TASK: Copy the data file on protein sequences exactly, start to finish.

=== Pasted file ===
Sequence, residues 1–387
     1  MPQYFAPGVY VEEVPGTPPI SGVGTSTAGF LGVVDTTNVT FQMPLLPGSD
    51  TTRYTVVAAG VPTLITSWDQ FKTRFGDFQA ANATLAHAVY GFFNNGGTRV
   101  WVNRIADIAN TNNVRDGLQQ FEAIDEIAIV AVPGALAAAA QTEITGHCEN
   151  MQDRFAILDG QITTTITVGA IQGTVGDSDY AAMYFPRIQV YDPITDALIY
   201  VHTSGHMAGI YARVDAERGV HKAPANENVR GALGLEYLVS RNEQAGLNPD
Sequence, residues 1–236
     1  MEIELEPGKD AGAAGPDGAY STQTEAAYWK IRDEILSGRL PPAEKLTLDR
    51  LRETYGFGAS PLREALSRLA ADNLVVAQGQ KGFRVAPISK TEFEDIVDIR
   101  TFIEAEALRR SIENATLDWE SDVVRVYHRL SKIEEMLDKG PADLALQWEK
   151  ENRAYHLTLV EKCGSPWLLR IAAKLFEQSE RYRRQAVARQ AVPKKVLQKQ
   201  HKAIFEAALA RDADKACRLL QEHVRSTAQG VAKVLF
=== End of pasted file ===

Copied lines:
Sequence, residues 1–387
     1  MPQYFAPGVY VEEVPGTPPI SGVGTSTAGF LGVVDTTNVT FQMPLLPGSD
    51  TTRYTVVAAG VPTLITSWDQ FKTRFGDFQA ANATLAHAVY GFFNNGGTRV
   101  WVNRIADIAN TNNVRDGLQQ FEAIDEIAIV AVPGALAAAA QTEITGHCEN
   151  MQDRFAILDG QITTTITVGA IQGTVGDSDY AAMYFPRIQV YDPITDALIY
   201  VHTSGHMAGI YARVDAERGV HKAPANENVR GALGLEYLVS RNEQAGLNPD
Sequence, residues 1–236
     1  MEIELEPGKD AGAAGPDGAY STQTEAAYWK IRDEILSGRL PPAEKLTLDR
    51  LRETYGFGAS PLREALSRLA ADNLVVAQGQ KGFRVAPISK TEFEDIVDIR
   101  TFIEAEALRR SIENATLDWE SDVVRVYHRL SKIEEMLDKG PADLALQWEK
   151  ENRAYHLTLV EKCGSPWLLR IAAKLFEQSE RYRRQAVARQ AVPKKVLQKQ
   201  HKAIFEAALA RDADKACRLL QEHVRSTAQG VAKVLF